In one of those meta moments, a later episode of “I Am Cait” featured Caitlyn Jenner picking up the Los Angeles Times and reading the enthusiastic review of the show’s premiere. While Jenner has done pretty much everything right from a public-relations standpoint since her Diane Sawyer interview in April, the former Olympian couldn’t completely clear the hurdle of producing a show for E! In essence, “Cait” represented a tale of two shows, a good one in which Jenner hung out with other transgender people and became an advocate, and a secondary aspect devoted to keeping up with the Kardashians.
Both personalities were clearly on display in the season finale (and SPOILER ALERT, to the extent such warnings apply, if you haven’t watched), which opened with Caitlyn’s dramatically teased meeting with ex-wife Kris, who expressed a sense of hurt over comments Caitlyn made in a Vanity Fair profile. Tears sort of flowed, but Kris kept the stage-managed encounter interesting primarily by colorfully mangling the language, saying “I just felt thrown under the bridge” (at least it wasn’t a bus) and that the article “literally killed me.”
Obviously, coming out to one’s family is a major part of the transgender experience, especially for someone doing so later in life, with children to consider. In addition, embracing the Kardashian connection had a pragmatic component — offering a way to potentially assist in bringing “Cait” to the attention of viewers who might not have otherwise come to the show.
Yet the Kardashians’ carefully sculpted image (it’s hard to imagine them surviving without US Weekly, and vice versa) gave a scripted, inauthentic feeling to virtually all those encounters, as most of the gang – Kim and Kanye West, Khloe, Kylie Jenner – made pilgrimages to meet with Caitlyn over the course of the show’s eight-week run. If that was inevitable – and a comforting crutch for E!, providing a connection to its long-running franchise – in this case, blood was thinner than water.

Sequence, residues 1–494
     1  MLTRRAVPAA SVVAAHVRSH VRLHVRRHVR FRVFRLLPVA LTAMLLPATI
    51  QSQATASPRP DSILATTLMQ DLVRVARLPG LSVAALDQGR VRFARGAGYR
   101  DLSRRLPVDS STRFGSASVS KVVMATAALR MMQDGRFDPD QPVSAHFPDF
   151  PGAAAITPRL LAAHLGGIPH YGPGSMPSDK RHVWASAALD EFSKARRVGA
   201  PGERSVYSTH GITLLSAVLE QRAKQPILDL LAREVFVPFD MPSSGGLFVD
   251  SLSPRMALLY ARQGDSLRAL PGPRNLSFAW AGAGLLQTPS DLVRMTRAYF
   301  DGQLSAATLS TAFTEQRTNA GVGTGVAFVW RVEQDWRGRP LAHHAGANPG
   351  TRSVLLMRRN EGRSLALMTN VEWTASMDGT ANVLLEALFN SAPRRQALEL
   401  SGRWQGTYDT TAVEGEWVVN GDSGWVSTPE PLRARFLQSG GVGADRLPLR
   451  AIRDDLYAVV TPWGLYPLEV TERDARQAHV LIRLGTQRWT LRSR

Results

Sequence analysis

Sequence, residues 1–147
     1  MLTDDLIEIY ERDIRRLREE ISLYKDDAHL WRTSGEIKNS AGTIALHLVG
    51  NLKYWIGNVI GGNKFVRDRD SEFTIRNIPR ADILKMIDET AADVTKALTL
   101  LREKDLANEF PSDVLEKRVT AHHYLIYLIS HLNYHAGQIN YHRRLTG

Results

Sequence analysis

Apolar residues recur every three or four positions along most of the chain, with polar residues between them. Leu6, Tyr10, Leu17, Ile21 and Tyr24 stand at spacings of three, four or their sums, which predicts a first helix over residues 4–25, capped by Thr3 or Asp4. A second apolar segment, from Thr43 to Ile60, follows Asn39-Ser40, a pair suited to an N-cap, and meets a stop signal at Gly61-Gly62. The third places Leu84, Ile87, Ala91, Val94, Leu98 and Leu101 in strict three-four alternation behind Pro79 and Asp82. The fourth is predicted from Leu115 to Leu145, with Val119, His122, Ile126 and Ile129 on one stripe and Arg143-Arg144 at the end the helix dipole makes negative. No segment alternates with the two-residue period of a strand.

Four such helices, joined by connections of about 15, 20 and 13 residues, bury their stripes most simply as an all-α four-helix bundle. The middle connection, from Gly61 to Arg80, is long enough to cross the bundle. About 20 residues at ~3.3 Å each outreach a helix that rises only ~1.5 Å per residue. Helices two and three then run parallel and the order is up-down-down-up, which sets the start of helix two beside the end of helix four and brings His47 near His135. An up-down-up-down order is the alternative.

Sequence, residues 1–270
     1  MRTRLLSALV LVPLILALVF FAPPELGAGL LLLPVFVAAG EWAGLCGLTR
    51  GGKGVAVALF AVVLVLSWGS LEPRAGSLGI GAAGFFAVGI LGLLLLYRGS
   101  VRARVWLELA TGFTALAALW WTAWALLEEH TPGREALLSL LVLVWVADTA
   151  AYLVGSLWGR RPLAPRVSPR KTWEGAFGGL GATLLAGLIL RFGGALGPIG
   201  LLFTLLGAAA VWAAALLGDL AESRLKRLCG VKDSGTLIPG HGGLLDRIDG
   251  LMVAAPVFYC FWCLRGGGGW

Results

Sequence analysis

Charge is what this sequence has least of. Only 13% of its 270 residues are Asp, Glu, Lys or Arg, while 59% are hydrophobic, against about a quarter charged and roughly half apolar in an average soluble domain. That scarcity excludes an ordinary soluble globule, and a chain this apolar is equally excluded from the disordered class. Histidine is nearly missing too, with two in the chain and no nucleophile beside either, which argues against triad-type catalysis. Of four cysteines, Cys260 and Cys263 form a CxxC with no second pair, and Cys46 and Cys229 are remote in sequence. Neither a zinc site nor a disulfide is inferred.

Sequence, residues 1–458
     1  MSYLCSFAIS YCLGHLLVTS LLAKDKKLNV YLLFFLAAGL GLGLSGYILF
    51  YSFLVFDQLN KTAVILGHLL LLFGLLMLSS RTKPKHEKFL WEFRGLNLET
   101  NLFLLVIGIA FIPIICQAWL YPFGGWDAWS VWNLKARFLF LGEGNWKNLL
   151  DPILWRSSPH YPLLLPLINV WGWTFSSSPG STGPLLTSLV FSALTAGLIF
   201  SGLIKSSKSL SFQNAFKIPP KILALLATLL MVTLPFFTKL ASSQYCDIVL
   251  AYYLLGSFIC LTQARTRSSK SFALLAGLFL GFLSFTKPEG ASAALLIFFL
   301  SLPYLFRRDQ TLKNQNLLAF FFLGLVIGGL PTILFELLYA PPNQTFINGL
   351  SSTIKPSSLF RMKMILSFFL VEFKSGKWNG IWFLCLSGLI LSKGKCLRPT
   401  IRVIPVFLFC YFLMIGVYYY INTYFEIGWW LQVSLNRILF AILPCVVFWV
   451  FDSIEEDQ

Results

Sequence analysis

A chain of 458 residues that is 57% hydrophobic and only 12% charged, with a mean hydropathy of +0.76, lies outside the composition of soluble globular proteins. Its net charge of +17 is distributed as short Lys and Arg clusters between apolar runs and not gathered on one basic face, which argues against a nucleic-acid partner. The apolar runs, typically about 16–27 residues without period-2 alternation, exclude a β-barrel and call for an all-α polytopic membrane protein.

Moreover, those sequences consistently paled next to virtually everything else in the show and much of its seemingly genuine emotion, including Jenner’s scenes with her mother and sisters.
Indeed, Jenner accomplished so much over the course of the series that the Kardashian clan increasingly felt like a distraction. Those separate undertakings included assembling a support system of transgender women, a budding friendship with actress Candis Cayne and efforts to educate herself by meeting with transgender youths or hearing from adults who lacked Jenner’s celebrity and financial resources.
In the finale, for example, Jenner and her new gang engaged in a rather intense discussion about faith, and whether being transgender could be resolved with Christianity. The episode concluded with a naming ceremony, which, among other things, provided an excuse to flash back through the entire season.
Most reality shows, obviously, seek to conjure drama, and despite all the good Jenner sought to do “I Am Cait” clearly didn’t want to risk being viewed as an eight-hour public-service announcement. That said, there were plenty of opportunities for that without consistently playing the Kardashian card, including the way the producers built tension around Jenner receiving the Courage Award at the ESPYs. (As an aside, the practice of trying to be arty by cutting away to Jenner’s hands should be retired permanently.)
“I Am Cait” closed as it opened, with Jenner speaking directly into a small camera, confessing hopes and fears. “I want to help people,” she said, and in terms of altering the conversation and perceptions regarding the transgender community, she clearly has. It’s only too bad that the series bearing her name, even with its strengths, struggled to find its identity.